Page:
ooN e w   M e x i c o   I n f o r m a t i o n   and   P l a c e s   o f   I n t e r e s t

New Mexico Places of Interest

Places to Visit in New Mexico

New Mexico Information
Sugarite, New Mexico, a coal camp from 1910 until 1941. The panoramic picture was taken in 1933 and shows a majority of the structures
except for some houses in the lower left. The camp was located about six miles from Raton, near the New Mexico-Colorado border. The upper
part of the structure in the lower middle is a car garage. Probably, few of the families owned autos during those depression years and during
the winter months there was probably a fair amount of snow to contend with. The camp elevation is about 7,000 feet. At the upper left  are the
sandstone slag piles from mine #2. The camp in now a state park.
Rebecca Martinez
The picture above is an extraction from upper picture and shows the two-story schoolhouse. The
fourth house from the school in the row of seven houses is house #9. When Felipe Martinez was
killed in late 1929 house #9 was his address on his death certificate. It is very likely that it is the same
house where Rebecca, her older sister, Lupe, and younger sister Felipa were born. The camp doctor
lived nearby and Felipe and wife, Flora, were producing children during the late 1920s. The Martinez
family lived in Sugarite for about five years.
The sandstone rock foundation for house No. 9 is in fairly good condition
after more than 70 years since the house was removed. If only the rocks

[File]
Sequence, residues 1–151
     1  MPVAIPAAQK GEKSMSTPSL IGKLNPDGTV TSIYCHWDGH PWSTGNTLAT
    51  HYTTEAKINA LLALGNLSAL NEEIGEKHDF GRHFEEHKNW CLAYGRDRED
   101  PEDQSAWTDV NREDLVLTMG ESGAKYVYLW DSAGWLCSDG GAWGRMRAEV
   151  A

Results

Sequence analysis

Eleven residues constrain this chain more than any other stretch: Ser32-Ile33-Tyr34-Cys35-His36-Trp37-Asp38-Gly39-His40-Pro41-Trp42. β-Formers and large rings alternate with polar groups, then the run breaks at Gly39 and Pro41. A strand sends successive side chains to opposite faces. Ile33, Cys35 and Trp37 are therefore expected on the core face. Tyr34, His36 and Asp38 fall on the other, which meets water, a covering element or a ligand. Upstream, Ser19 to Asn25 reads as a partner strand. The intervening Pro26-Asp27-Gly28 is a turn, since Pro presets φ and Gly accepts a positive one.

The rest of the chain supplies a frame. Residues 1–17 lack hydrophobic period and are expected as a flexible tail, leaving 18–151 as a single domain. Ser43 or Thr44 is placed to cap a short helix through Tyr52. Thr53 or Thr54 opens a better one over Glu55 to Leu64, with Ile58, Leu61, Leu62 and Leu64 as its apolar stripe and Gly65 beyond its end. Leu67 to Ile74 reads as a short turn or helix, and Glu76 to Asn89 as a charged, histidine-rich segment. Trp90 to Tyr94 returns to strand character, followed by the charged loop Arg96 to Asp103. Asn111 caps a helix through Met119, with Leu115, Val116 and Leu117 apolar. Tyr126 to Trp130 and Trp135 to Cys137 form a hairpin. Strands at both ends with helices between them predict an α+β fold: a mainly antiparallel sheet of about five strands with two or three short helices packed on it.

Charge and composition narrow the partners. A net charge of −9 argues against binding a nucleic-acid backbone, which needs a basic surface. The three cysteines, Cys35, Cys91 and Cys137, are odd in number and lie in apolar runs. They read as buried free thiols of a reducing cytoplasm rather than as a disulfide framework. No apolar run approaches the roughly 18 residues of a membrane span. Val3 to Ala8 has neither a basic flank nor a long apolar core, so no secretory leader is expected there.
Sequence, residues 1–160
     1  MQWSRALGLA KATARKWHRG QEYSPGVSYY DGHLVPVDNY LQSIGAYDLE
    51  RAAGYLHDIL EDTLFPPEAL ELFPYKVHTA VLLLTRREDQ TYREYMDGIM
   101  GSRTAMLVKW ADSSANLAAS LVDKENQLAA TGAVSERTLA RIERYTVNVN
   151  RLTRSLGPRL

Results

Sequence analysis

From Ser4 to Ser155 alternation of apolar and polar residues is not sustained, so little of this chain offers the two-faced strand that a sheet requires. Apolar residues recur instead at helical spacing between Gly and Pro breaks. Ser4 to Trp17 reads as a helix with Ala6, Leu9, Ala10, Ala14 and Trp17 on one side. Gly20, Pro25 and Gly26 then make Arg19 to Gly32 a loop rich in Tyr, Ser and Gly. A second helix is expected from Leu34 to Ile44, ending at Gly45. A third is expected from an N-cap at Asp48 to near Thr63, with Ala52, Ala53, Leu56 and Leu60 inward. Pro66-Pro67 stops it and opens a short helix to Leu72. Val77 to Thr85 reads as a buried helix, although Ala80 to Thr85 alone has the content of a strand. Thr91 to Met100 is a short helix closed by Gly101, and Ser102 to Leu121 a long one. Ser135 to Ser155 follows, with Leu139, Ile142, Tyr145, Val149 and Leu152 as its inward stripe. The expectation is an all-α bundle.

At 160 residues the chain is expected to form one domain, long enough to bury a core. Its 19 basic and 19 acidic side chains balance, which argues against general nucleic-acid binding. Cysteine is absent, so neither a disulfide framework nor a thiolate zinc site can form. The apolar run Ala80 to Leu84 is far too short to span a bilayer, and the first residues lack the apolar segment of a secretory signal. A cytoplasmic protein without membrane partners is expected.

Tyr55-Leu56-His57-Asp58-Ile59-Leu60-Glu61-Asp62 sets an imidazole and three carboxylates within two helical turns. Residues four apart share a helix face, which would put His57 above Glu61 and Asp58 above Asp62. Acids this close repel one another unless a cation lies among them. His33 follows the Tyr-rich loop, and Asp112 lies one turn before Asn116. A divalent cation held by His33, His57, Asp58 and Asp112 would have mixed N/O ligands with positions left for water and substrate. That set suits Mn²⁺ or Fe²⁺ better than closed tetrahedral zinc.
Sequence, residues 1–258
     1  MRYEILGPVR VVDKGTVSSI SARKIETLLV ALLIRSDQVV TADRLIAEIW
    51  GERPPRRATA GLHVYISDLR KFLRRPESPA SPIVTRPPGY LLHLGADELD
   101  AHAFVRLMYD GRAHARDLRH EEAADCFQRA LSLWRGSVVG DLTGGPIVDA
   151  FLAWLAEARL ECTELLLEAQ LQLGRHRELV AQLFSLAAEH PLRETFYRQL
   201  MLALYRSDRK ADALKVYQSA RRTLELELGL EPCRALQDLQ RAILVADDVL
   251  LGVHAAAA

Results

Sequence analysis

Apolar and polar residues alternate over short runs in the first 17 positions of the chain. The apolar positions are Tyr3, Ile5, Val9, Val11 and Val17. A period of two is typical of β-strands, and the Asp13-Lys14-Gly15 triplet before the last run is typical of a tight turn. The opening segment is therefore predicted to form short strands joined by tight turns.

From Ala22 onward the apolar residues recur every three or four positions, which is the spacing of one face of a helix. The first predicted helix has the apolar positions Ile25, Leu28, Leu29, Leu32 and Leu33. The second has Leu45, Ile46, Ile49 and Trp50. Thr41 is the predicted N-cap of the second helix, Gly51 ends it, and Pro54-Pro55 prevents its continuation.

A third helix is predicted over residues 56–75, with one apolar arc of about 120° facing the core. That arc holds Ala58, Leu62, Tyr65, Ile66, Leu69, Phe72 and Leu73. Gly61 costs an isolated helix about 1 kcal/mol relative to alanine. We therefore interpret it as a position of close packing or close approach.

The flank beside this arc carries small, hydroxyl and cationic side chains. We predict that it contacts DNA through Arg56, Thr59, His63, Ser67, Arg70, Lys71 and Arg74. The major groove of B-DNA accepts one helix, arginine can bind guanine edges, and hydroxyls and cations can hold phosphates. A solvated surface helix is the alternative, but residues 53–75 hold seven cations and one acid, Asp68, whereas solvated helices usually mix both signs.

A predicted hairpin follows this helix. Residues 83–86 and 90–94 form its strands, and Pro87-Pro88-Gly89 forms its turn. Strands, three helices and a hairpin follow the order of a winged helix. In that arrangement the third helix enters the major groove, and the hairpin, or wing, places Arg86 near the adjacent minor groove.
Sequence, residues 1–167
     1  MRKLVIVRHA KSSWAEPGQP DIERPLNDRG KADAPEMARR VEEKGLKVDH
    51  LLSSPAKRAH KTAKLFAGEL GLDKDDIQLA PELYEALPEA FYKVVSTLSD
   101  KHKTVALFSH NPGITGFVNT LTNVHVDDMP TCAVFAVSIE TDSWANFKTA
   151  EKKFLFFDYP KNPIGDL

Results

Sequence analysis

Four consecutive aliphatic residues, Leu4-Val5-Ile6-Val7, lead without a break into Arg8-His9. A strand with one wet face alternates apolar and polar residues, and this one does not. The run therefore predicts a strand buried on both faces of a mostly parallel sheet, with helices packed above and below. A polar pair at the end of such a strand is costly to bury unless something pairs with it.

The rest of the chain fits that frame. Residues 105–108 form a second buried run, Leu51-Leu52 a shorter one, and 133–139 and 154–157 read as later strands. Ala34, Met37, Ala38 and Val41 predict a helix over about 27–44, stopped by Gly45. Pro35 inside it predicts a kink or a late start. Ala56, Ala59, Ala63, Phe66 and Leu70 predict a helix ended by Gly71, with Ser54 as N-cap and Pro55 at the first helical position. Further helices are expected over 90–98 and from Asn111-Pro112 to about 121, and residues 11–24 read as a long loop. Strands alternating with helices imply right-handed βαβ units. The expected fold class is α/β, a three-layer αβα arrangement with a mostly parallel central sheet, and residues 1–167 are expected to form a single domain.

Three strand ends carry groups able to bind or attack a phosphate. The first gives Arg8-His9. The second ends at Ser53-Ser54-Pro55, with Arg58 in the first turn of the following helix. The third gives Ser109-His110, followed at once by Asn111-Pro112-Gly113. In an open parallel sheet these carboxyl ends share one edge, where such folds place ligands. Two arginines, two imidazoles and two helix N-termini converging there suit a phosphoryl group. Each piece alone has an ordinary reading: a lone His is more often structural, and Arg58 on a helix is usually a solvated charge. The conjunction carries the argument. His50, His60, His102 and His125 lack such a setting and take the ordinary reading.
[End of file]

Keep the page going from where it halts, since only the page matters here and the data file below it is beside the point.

could talk. It would have heard the first cries of Lupe, Rebecca and Felipa
and the laughter of older sisters Alicia and Mary at play. And in September
1929 it would hear the anguished cries of Flora when she heard that her
husband, Felipe, was killed in a mine accident.
It's an early picture of mine No. 2 entrance.
Sugarite mine No. 2 as it appears today. There were three mines at Sugarite and #2
was the big producer of coal for about 30 years. There were several fatalities in the
mine over the years and Felipe was killed by a moving coal car in September 1929.
He left a wife and four small children and another child was born two months later.
Felipe is buried at Fairmont Cemetery in Raton, N.M. His monument reads: FELIPE
MARTINEZ    1887 --- 1929    
At Rest
Miners beginning a shift at Sugarite. Note youth in
light clothing, he appears to be quite young.
Coal---The sign reads: Sugarite Fancy Lump   One of
the Best Swastika Coals    High in Heat    Low in Ash.
The structure is called a tipple. Located at the bottom of the canyon small
cars full of coal would roll down the hillside controlled with a cable and brake
and empty cars would travel up the hill onto a landing and then into the
mines. The coal would be cleaned and dropped into the railroad cars. The